# Reals are Isomorphic to Dedekind Cuts

## Theorem

Let $\mathscr D$ be set of all Dedekind cuts of the totally ordered set $\struct {\Q, \le}$.

Define a mapping $f: \R \to \mathscr D$ as:

- $\forall x \in \R: \map f x = \set {y \in \Q: y < x}$

Then $f$ is a bijection.

## Proof

First, we will prove that:

- $\forall x \in \R: \map f x \in \mathscr D$

Let $x \in \R$.

It is to be proved that $\map f x$ is a proper subset of $\Q$ such that:

- $(1): \quad \forall z \in \map f x: \forall y \in \Q: y < z \implies y \in \map f x$
- $(2): \quad \forall z \in \map f x: \exists y \in \map f x: x < y$

We have that:

- $x \notin \map f x$

Therefore by definition $\map f x$ is a proper subset of $\Q$.

Ad. $(1)$: Let $z \in \map f x, y \in \Q$ such that:

- $y < z$

By definition of $\map f x$:

- $z < x$

Then:

- $y < x$

Thus by definition of $\map f x$:

- $y \in \map f x$

Ad. $(2)$: Let $z \in \map f x$.

By definition of $\map f x$:

- $z < x$

By Between two Real Numbers exists Rational Number:

- $\exists r \in \Q: z < r < x$

Then by definition of $\map f x$:

- $r \in \map f x$

Thus:

- $\exists r \in \map f x: z < r$

By definition of bijection it suffices to prove that $f$ is an injection and a surjection.

We will show by definition that $f: \R \to \mathscr D$ is an injection.

Let $x_1, x_2 \in \R$ such that

- $\map f {x_1} = \map f {x_2}$

Aiming for a contradiction, suppose $x_1 \ne x_2$.

Without loss of generality suppose $x_1 < x_2$.

By Between two Real Numbers exists Rational Number:

- $\exists r \in \Q: x_1 < r < x_2$

Then by definition of $\map f x$:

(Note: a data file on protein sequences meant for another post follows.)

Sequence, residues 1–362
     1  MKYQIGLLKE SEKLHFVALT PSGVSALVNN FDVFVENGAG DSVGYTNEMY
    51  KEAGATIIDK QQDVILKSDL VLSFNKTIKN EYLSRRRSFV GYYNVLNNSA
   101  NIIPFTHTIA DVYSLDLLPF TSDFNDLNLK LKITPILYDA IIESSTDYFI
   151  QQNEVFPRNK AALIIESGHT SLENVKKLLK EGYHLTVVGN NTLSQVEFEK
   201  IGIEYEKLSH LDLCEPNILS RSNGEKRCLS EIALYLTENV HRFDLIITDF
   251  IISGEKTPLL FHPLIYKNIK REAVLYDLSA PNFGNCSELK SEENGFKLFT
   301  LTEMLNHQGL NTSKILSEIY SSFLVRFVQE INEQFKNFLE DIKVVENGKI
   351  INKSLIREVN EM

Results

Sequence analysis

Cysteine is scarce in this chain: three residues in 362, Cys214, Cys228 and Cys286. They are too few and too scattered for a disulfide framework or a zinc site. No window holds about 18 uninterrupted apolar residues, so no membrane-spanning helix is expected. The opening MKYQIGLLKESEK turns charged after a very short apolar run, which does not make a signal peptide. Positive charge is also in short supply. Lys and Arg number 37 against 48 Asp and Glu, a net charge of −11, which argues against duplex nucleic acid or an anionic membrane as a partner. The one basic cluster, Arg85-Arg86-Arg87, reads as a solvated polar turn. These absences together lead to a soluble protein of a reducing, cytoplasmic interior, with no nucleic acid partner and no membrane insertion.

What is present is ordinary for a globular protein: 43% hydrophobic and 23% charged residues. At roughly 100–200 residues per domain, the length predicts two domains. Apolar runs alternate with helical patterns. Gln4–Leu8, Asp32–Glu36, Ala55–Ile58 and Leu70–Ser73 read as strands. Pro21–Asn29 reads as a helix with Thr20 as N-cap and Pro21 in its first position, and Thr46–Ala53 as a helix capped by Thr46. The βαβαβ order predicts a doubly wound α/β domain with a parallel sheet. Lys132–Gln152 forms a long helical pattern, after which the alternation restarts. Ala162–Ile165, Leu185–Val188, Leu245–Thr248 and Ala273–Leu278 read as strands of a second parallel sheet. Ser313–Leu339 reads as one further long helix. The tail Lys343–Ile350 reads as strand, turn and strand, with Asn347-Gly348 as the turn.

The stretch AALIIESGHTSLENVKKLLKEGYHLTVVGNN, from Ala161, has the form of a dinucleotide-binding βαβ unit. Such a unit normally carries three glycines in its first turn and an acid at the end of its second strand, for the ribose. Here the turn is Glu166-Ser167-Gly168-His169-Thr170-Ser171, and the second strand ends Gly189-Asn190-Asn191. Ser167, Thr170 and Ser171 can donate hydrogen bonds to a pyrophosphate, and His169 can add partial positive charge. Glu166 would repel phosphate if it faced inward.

- $r \notin \map f {x_1}$

and

- $r \in \map f {x_2}$

This contradicts $\map f {x_1} = \map f {x_2}$.

We will prove by definition that $f: \R \to \mathscr D$ is a surjection.

Let $L \in \mathscr D$.

By definition of Dedekind cut:

- $L$ is a proper subset of $\Q$.

By definition of proper subset:

- $\exists r \in \Q: r \notin L$

By definition of Dedekind cut:

- $(3): \quad \forall x \in L: \forall y \in \Q: y < x \implies y \in L$

Then

- $\forall x \in L: r \not < x \land r \ne x$

Hence

- $\forall x \in L: r > x$

Then $L$ is bounded above by definition.

By definition of supremum:

- $\map \sup L \le r$

Hence:

- $\map \sup L \in \R$

By definition of supremum:

- $\map \sup L$ is an upper bound of $L$.

Then by definition of upper bound:

- $\forall x \in L: x < \map \sup L$

We will prove that:

- $\forall x \in \Q: x < \map \sup L \implies x \in L$

Let $x \in \Q$ such that:

- $x < \map \sup L$

Aiming for a contradiction, suppose $x \notin L$.

By $(3)$:

- $\forall x \in L: r \ge x$

By definition:

- $r$ is an upper bound of $L$.

By definition of supremum:

- $r \ge \map \sup L$

This contradicts $x < \map \sup L$.

Thus:

- $L = \map f {\map \sup L}$

$\blacksquare$